"Let’s put this bluntly. What exactly do we expect other European countries to do once we’ve exited the single market? Why on earth would it be any different to our own immediate demands for protectionism? Preventing this kind of reaction is the WHOLE POINT of the single market"
On the face of it the UK passport manufacturing row is another textbook example of our pro-Brexit government scoring an own goal through some combination of short sightedness and incompetence. In case you missed yesterday’s news, the new blue passports (queue eye rolls) will no longer be made by British firm De La Rue, but a Franco-Dutch company instead. This feels relatively trivial in the scheme of things, although it does mean shipping £490m out of the country endangering jobs in Gateshead…
This isn’t simply a screw up that proves the government doesn’t know its arse from its elbow - something already starkly apparently. It’s also another demonstration that the people who felt most left behind by the EU (check out how Gateshead voted) and globalisation more generally, really do have the most to lose from the whole endeavour. Quelle surprise.
However, these fairly basic observations only serve to obscure a far more important issue. Brexiteers have always promised that the EU will continue to trade freely with the UK following our withdrawal, because to do otherwise would hit the prosperity of everyone. What they have failed to acknowledge, is that this works well if you make broad overarching commitments, but it is politically impossible to pull off if you approach things procurement project by procurement project.
Indeed, the UK government is rare in bothering to try. Just look at the most vocal exponent of free markets in the world. The US not only practices protectionism on a national level, but on a state level as well. Many a congressional bill is amended with just enough local goodies to secure the votes of each elected members.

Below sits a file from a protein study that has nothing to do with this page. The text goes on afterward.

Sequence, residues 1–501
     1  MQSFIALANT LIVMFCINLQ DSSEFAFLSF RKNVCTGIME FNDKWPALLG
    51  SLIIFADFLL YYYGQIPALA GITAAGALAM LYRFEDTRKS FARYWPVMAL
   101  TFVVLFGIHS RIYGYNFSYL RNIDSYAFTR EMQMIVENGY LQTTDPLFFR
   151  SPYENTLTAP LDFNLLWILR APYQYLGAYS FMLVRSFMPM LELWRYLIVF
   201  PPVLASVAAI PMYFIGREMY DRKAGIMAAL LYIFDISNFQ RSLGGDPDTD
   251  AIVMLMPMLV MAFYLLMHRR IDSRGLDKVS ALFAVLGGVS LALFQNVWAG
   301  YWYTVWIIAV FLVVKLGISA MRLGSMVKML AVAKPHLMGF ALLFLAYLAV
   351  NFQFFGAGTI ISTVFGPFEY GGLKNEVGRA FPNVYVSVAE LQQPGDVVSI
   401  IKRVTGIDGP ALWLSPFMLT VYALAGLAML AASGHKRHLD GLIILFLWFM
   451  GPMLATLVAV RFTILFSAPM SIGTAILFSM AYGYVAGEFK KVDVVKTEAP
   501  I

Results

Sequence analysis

This results from the same pressures that Brexiteers and Remainers alike responded to this morning. Instead of assuming that we can have Europe-wide competition for the most cost-effective passport manufacture, and that British businesses’ losses will be offset (and hopefully eclipsed) by their gains, we have witnessed a UK polity furious that European firms were included within the bidding process at all.
Let’s put this bluntly. What exactly do we expect other European countries to do once we’ve exited the single market? Why on earth would it be any different to our own immediate demands for protectionism? Preventing this kind of reaction is the WHOLE POINT of the single market.
If an alternative trade deal materialises at all, it will by design allow significant less access to European market for British firms. And this isn’t some whimsical musing that the likes of Boris Johnson can swat away as if playing wiff waff. Every additional restriction within any such trade deal (i.e. every way in which it is “bespoke”) will mean British businesses are less competitive in Europe - and will cost their employees wages rises and, in many cases, jobs.
Whatever happens with UK passports, we should all hope that De La Rue can avoid making any redundancies. But remember, European protectionism is a much bigger threat to British jobs than our own lack of it. That is, unless we were to stay in the single market…
Kyalo Burt Fulcher is a Young Fabian member and Network liaison officer on the Young Fabian executive. Follow him on Twitter at @KyaloBF